For example, one provider was fined £500 for failing to properly display its rating. The provider had a link to the CQC’s website where the latest inspection report could be found, but this was not displayed conspicuously. In addition, on its home page, there was a statement, ‘click here to see our latest CQC report by CQC investigations.’ This link led to a report entitled ‘mock CQC report’ which displayed a different, more positive rating than that awarded by the CQC.
Whilst most providers will be familiar with the requirement to display ratings, it is important to remember that it applies even where a provider has requested a rating review following an inspection.
Since the introduction of the CQC’s new approach, many providers have experienced an unexpected rating downgrade (please see our podcasts for more information) and have challenged the CQC’s findings. Providers do not need to display new ratings from an inspection until the report is published, i.e. when the factual accuracy process has concluded.
However, at that stage, it becomes compulsory for providers to display the new ratings, even if they plan to challenge the inspection findings further. Importantly, where providers have asked for a rating review, they can put a note on the display of ratings to explain that they have asked for a review.
- Priory Healthcare Ltd has pleaded guilty to an offence under the Health and Safety at Work Act 1974 following an investigation by the HSE. The investigation related to the death of Francesca Whyatt, who committed suicide at the Priory Hospital in Roehampton in 2013. The provider was previously criticised at an inquest that was held into the death in 2017, with the coroner observing that there had been very few experienced staff working on the day of Francesca’s death and that more should have been done to recruit permanent staff and avoid relying on agency staff. The coroner also found that the training and induction of staff was generic and not appropriately tailored to the requirements of the particular ward and criticised the provider for its response to the incident.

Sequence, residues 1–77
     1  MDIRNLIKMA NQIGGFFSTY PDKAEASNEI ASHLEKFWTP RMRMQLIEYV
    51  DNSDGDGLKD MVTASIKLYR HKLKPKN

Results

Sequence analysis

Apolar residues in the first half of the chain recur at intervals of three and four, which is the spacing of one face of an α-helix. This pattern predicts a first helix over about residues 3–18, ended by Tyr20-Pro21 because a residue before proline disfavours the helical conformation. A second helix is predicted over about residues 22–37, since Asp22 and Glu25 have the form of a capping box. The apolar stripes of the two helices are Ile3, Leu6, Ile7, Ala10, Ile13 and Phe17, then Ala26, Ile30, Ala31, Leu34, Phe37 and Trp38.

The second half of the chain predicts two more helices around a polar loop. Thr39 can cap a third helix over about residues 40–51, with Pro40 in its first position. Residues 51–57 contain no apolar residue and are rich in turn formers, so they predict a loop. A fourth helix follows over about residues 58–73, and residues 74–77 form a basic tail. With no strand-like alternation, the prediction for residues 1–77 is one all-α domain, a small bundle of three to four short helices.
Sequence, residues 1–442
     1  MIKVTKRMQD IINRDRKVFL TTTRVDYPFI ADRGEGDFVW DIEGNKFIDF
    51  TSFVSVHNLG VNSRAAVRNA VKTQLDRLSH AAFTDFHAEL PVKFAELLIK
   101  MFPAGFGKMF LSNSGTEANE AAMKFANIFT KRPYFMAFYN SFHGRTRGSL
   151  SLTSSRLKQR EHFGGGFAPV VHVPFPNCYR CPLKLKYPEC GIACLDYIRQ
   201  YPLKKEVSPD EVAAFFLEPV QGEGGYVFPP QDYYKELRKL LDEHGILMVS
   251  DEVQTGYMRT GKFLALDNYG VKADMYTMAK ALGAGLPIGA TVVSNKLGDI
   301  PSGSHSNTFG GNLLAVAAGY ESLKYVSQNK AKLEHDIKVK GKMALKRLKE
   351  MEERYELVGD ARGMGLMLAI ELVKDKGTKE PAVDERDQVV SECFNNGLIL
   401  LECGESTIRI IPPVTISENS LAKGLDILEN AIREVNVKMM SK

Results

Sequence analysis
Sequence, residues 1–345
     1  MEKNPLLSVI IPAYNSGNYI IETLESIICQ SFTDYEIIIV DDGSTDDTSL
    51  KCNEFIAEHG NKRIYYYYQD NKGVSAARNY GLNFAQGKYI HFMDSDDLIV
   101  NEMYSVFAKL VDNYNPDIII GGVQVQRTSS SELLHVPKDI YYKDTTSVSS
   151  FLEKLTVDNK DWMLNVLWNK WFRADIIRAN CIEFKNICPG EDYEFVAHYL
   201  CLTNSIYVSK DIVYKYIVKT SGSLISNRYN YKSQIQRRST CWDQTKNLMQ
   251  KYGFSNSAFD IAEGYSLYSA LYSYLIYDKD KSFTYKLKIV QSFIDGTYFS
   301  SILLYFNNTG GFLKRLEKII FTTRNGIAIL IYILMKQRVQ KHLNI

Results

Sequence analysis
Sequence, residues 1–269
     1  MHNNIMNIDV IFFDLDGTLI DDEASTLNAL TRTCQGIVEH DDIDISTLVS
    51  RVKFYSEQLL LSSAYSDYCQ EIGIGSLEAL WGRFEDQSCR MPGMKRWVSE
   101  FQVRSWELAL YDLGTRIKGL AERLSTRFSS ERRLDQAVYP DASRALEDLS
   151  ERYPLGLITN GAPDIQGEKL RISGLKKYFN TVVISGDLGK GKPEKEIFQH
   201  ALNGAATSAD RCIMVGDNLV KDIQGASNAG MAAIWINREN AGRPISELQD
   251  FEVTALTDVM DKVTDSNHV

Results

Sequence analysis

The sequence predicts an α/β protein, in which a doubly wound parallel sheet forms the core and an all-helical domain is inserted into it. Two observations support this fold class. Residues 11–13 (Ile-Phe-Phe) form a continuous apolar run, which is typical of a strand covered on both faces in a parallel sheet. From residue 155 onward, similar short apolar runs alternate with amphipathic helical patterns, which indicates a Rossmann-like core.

- A care home provider was cautioned after a resident and care worker fell four metres to the ground in a faulty lift. There had been ongoing issues with the lift which the director of the care home had been aware of but had not ensured that there was a system in place to deal with reports of defects. In addition, thorough examinations of the lift had not been carried out every six months, as required by law. This case is a reminder of the need to ensure the safety of any lifts on the premises, especially if the usual regular examinations have not been possible during the pandemic.
- Aster Healthcare was fined £1.04 million and ordered to pay prosecution costs of £184,513 after pleading guilty to corporate manslaughter. The circumstances of the prosecution were as follows: on 8 February 2015, Ms Frances Norris was put into a bath by a care worker and a junior care worker at the care home owned by Aster Healthcare. Whilst in the bath, Ms Norris said the water was cold and so the junior care worker was told to add more hot water. Ms Norris was left in the bath for several minutes before it was noticed the temperature of the water was too hot. Ms Norris was taken to hospital but sadly died three days later. The former maintenance worker for the home had raised issues about the boilers; he gave evidence that in response to his request that the boilers should be serviced, an unqualified gas engineer attended. That engineer’s work was later condemned by another engineer. The former maintenance worker said that he was treated as a troublemaker and later made redundant. Our comments and reflections on this prosecution can be found here.